Title: Travails and Conquests: The Life of Dr. Leon A. Reich
Author: Yaakov Kornreich
162 pages. Paperback. $11.95
Publisher: CreateSpace Independent Publishing
It can be said that history consists of a collection of the individual stories of people whose lives made a lasting impact. The biography of Dr. Leon Reich is one such story. It spans three critical eras of modern Jewish history. Leon’s story begins during the years before World War II, and describes how Jewish families in Central Europe grappled with the life or death decision of whether to stay or flee in the face of the gathering Nazi storm.
Leon’s story continues as his family joined the struggling Jewish community in Palestine, and describes his unique contributions as a soldier and technician to the defense of the newborn State of Israel in its desperate fight for its survival.
Leon then goes to the United State, and becomes part of the post-war renaissance of the American Orthodox community. He and his wife join a group of dedicated lay leaders in Flatbush, Brooklyn, and Leon plays a pivotal role in the development of some of the leading Jewish educational institutions of our times.
As a child Leon and his parents voluntarily gave up their relatively comfortable situation in Poland a few years before the war to face the challenges and hardships of a new life in Palestine. The family arrived and started over with a small dairy farm on the outskirts of Tel Aviv where Leon grew up as a boy.
When he wasn’t in school Leon helped out with the milking and deliveries to the farm’s customers in Tel Aviv. Leon also volunteered for training with the Haganah youth, and was a member of the first unit to be called up for combat duty in November 1947.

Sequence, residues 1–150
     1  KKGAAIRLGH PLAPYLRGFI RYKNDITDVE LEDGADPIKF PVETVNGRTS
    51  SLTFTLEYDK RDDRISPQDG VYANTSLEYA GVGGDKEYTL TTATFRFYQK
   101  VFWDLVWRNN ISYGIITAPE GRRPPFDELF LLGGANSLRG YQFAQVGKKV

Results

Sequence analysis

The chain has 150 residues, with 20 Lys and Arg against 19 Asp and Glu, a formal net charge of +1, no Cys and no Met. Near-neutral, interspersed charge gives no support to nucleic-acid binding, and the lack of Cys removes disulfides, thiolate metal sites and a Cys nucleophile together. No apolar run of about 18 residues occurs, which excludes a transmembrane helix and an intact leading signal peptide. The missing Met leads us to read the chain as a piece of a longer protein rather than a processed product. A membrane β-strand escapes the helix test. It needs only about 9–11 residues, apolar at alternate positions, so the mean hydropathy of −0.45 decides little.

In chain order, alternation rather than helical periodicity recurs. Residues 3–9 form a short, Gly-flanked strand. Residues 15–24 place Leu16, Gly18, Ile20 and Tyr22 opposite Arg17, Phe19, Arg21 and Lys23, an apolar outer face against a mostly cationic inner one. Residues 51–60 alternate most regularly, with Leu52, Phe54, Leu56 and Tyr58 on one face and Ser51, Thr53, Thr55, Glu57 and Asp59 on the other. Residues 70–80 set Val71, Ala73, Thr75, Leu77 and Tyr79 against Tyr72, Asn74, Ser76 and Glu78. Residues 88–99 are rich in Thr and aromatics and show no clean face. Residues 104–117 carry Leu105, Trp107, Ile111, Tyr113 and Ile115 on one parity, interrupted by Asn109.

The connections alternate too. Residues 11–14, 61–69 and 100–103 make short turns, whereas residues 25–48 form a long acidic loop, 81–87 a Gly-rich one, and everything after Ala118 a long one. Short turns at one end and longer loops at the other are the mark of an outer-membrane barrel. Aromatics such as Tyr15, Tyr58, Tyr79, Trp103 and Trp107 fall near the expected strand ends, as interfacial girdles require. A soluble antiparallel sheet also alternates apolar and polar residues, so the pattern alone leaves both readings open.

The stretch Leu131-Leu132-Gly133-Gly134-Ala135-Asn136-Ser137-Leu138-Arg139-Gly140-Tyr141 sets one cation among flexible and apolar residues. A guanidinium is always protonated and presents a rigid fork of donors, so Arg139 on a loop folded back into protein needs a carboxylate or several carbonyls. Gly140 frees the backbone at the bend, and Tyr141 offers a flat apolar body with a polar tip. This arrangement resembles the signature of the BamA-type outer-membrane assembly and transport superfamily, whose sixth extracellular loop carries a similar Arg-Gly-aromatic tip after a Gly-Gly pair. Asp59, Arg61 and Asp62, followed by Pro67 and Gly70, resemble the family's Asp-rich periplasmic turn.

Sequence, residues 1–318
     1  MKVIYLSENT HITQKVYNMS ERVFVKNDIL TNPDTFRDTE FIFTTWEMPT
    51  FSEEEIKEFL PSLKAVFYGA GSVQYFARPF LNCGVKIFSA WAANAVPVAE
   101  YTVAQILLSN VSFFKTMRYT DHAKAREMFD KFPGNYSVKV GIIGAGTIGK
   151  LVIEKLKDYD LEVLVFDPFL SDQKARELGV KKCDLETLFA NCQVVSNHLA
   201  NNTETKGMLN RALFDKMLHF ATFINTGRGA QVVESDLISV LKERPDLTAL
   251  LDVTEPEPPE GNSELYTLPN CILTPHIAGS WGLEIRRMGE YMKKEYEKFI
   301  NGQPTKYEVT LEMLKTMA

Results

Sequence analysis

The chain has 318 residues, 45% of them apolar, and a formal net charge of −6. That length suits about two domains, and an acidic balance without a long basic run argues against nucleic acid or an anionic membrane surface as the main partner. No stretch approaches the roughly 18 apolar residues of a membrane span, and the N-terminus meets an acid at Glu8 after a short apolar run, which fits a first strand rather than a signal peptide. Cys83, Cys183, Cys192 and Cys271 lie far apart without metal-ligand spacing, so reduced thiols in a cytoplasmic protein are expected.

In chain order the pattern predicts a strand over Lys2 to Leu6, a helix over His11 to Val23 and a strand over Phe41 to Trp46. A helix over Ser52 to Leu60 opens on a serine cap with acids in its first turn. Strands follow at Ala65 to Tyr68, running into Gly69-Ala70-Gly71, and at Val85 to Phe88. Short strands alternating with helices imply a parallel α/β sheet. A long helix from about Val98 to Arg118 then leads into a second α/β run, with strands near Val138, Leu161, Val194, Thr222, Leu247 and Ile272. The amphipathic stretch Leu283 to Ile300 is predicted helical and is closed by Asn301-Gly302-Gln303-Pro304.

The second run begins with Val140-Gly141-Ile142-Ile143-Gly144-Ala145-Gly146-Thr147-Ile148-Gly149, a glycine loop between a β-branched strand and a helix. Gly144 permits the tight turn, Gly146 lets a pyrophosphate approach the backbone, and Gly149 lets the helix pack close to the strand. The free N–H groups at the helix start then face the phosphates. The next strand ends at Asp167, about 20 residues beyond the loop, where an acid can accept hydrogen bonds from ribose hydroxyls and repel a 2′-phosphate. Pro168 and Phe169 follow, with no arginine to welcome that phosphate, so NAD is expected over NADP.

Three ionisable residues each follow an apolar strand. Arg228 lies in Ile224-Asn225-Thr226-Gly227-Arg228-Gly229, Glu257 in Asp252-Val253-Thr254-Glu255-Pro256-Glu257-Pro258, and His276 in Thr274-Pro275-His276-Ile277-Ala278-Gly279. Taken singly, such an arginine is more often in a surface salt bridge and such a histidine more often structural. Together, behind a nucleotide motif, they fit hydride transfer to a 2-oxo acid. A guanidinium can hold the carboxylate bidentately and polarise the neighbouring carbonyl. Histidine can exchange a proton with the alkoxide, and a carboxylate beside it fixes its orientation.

Leon experienced the War of Independence from a soldier’s perspective, while remaining true to his Jewish ideals and beliefs. Faced with a moral dilemma, he refused to obey his unit’s orders to go to the beachfront and open fire on the Altalena, an Irgun ship that was filled with Holocaust survivors and arms to defend the country against the Arab invaders.
Eventually, the Israel army recognized Leon’s technical skills and put him in charge of a special unit that modified, repaired and improved the aiming devices on the weapons and equipment used on the front lines. During this period, Leon demonstrated the creativity and imagination that was to mark his professional and communal leadership activities for the next 60 years.
After the war ended, the army wanted Leon to participate in the further development of Israel’s defense industries. But Leon did not want a career in the military. He refused to accept a commission as an officer, and demanded his army discharge so that he could pursue a civilian career in optometry. His goal was to go to the U.S. to enroll in a highly regarded optometry program at Columbia University in New York City. To satisfy the program’s entry requirements, Leon planned to take the required courses at a community college in California, where he would live and support himself with the help of family members living in the Los Angeles area.
Leon arrived at Idlewild (now JFK) Airport in New York City on September 9, 1950, the day before Yom Kippur. Waiting for him at the gate was his father’s cousin, Esther Richman, who invited Leon to spend Yom Kippur with her family at their home in Flatbush before continuing to California.
Richman was accompanied by her daughter, Rosalie, a Brooklyn college student who came along to the airport for the ride. She and Leon quickly developed a friendship. Leon’s invitation to stay for Yom Kippur was extended to Sukkot and beyond. He missed his first semester of college classes, but by the time Leon finally left for California, a lifelong bond had been formed with Rosalie. The two were married the next summer, and returned from California to live in the Richman home in Flatbush when Leon gained admission to the Columbia program.
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